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Nick Bloom, Stanford University, Labor Topics, 2015 1 LABOR TOPICS Nick Bloom Polarization and inequality.

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Presentation on theme: "Nick Bloom, Stanford University, Labor Topics, 2015 1 LABOR TOPICS Nick Bloom Polarization and inequality."— Presentation transcript:

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2 Nick Bloom, Stanford University, Labor Topics, LABOR TOPICS Nick Bloom Polarization and inequality

3 Nick Bloom, Stanford University, Labor Topics, Top 1% Polarization

4 Nick Bloom, Stanford University, Labor Topics, ALM (2003) predicts labor market polarization Goos and Manning (2008, RESTAT) point out in the paper “Lousy and lovely jobs” that routine tasks are most substitutable by computers Hence, occupations with a high input of routine tasks should expect to see the largest falls in employment and income from computerization They test this using both US and UK data and find supportive evidence

5 Nick Bloom, Stanford University, Labor Topics, 2015 First they establish that routine tasks are most concentrated in median paid jobs 4 Source: Goos and Manning (2008, RESTAT)

6 Nick Bloom, Stanford University, Labor Topics, 2015 They then show median jobs have shrunk, with a J-curve across all (UK) jobs 5 Source: Goos and Manning (2008, RESTAT)

7 Nick Bloom, Stanford University, Labor Topics, 2015 The jobs that have expanded are either non- routine manual or non-routine cognitive 6 Source: Goos and Manning (2008, RESTAT)

8 Nick Bloom, Stanford University, Labor Topics, 2015 And in fact many low skilled jobs have grown 7 Source: Goos and Manning (2008, RESTAT) And that’s despite relabelling (i.e. “cleaners” now being called “sanitation consultants” or some other ridiculous name)

9 Nick Bloom, Stanford University, Labor Topics, 2015 These changes are within and between industries 8 Source: Goos and Manning (2008, RESTAT)

10 Nick Bloom, Stanford University, Labor Topics, Source: Acemoglu and Autor (2010, HLE) The Acemoglu and Autor paper shows similar polarization by occupation (US data)

11 Nick Bloom, Stanford University, Labor Topics, Source: Acemoglu and Autor (2010, HLE) In fact this polarization is global in scope

12 Nick Bloom, Stanford University, Labor Topics, Source: Autor and Dorn (2013, AER) Recent Autor and Dorn paper argues clear service/non-service difference in low skill

13 Nick Bloom, Stanford University, Labor Topics, 2015 Polarization of US incomes too (1/2) 12 Source: Guvenen, Ozkan and Song (2013)

14 Nick Bloom, Stanford University, Labor Topics, 2015 Polarization of US incomes too (2/2) 13 Source: Autor and Dorn, (2013, AER)

15 Nick Bloom, Stanford University, Labor Topics, Top 1% Polarization

16 Nick Bloom, Stanford University, Labor Topics, 2015 Related topic is the change in inequality over time Well known paper by Piketty and Saez (2003, QJE) looks at income inequality over time, focusing on top 1% They do this by assembling a variety of IRS related sources on income and estate taxes paid, plus some other supportive data on CEO pay etc. (administrative data) While this is not closely related to SBTC, there are some parallels (and I think it’s another important topic) 15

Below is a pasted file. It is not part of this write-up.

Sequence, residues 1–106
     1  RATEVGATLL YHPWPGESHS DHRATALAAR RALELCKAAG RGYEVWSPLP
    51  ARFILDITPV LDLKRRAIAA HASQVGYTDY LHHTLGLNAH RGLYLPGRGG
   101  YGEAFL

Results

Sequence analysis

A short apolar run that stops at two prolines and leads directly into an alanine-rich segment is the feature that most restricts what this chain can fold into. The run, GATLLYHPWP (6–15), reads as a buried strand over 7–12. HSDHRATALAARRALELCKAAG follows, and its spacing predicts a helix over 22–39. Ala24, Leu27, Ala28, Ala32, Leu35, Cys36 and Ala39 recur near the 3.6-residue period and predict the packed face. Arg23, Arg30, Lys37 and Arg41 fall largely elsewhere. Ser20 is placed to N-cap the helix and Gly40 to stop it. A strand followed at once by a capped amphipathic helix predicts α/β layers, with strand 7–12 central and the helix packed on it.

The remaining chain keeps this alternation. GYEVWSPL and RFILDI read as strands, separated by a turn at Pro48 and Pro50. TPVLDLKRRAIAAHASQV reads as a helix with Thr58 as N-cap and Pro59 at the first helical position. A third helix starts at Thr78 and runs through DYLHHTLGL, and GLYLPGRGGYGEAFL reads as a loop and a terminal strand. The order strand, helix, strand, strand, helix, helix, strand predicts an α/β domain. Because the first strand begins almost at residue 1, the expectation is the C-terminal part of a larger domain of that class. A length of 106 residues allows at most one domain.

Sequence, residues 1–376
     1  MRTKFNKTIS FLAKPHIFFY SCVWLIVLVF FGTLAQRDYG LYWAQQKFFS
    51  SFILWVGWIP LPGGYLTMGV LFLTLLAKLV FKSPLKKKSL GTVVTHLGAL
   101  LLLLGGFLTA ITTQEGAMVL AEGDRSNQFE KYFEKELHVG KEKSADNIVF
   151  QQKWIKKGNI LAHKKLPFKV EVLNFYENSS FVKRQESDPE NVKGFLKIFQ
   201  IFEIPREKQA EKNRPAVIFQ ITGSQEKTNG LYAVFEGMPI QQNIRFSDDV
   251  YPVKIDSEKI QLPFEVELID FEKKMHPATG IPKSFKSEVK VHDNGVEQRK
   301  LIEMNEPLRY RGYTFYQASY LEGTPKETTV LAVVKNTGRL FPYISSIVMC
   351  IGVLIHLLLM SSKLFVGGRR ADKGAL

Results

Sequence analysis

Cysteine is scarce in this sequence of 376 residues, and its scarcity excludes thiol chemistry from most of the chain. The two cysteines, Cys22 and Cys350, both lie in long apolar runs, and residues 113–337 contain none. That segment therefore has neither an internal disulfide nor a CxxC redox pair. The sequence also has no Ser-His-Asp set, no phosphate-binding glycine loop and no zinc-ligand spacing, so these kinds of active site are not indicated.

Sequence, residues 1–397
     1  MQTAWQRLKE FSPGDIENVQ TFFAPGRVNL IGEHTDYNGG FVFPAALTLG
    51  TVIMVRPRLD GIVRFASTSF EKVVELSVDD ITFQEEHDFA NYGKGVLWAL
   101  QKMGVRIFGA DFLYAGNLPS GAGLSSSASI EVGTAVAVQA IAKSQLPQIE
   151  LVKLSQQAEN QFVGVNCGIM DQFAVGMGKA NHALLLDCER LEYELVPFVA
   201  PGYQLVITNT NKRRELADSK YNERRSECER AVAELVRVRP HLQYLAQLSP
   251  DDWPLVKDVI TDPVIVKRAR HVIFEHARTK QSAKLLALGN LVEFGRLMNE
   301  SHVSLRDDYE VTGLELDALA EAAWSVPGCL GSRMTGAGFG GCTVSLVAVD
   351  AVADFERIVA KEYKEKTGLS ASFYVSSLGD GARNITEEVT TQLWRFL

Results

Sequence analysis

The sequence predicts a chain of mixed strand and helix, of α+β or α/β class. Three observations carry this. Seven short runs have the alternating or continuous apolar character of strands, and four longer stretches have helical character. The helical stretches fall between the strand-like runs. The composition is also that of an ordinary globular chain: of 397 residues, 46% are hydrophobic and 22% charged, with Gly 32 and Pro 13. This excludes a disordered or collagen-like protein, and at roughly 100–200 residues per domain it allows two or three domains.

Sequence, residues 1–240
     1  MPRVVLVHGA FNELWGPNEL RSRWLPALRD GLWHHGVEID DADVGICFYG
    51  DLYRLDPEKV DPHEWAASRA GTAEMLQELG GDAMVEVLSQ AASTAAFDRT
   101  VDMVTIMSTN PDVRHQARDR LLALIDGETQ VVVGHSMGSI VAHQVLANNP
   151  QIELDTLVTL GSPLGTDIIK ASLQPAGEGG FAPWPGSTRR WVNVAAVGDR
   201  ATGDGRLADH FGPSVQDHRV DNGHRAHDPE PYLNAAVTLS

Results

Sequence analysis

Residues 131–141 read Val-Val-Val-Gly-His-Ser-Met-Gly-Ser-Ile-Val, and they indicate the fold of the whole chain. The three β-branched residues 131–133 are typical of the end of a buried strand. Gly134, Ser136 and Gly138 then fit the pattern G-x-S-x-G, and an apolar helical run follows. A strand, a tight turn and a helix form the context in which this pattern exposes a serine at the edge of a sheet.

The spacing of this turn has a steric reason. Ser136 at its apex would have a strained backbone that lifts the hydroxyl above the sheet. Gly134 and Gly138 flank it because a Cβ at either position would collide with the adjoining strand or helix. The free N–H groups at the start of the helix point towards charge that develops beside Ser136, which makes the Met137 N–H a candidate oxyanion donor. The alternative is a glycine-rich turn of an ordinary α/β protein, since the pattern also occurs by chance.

17 Nick Bloom, Stanford University, Labor Topics, 2015 First result is incomes are very skewed! 16 Source: Sept Update to Piketty and Saez (2003)

18 Nick Bloom, Stanford University, Labor Topics, 2015 Cross sectional income distribution 17

19 Nick Bloom, Stanford University, Labor Topics, 2015 Second, recent income growth is also skewed (so skew likely to keep rising) 18 Source: Sept Update to Piketty and Saez (2003)

20 Nick Bloom, Stanford University, Labor Topics, 2015 Third, this inequality (at least for top income shares) has a U-shape over 20 th Century 19 Source:

21 Nick Bloom, Stanford University, Labor Topics, 2015 Third, this inequality (at least for top income shares) has a U-shape over 20 th Century 20 Source:

22 Nick Bloom, Stanford University, Labor Topics, 2015 Reason fall in capital incomes from WWII onwards, with rebound only via wage income 21 Source: July 2010 Update to Piketty and Saez (2003) Early 20 th century super rich collected dividends, probably from fortunes accumulated in 19th Century. By end 20 th century more wage incomes

23 Nick Bloom, Stanford University, Labor Topics, Reason fall in capital incomes from WWII onwards, with rebound only via wage income Source:

24 Nick Bloom, Stanford University, Labor Topics, 2015 Similar results for wealth (not incomes) 23 Source:

25 Nick Bloom, Stanford University, Labor Topics, 2015 The UK pattern is similar to the US 24 Source: Atkinson (2003)

26 Nick Bloom, Stanford University, Labor Topics, 2015 Canada is similar too 25 Source:

27 Nick Bloom, Stanford University, Labor Topics, 2015 As always the French have to be different 26 Source: Atkinson (2003)

28 Nick Bloom, Stanford University, Labor Topics, 2015 Japan and Sweden similar to France 27 Source:

29 Nick Bloom, Stanford University, Labor Topics, 2015 So what explains these long-run moves in income inequality? Piketty and Saez (2003) speculate one factor is much higher levels of wage and capital income tax since WWII –Slows down the accrual of multi-generational fortunes Another factor could be regulation of top pay (e.g. particularly during WWII) combined with social-norms (e.g. after WWI greater power of unions and left wing). SBTC may also be a factor, although hard to square with different French experience (which had no wage income recovery in late 20 th Century). 28

30 Nick Bloom, Stanford University, Labor Topics, 2015 An alternative and interesting take (from Greg Mankiw’s blog) 29


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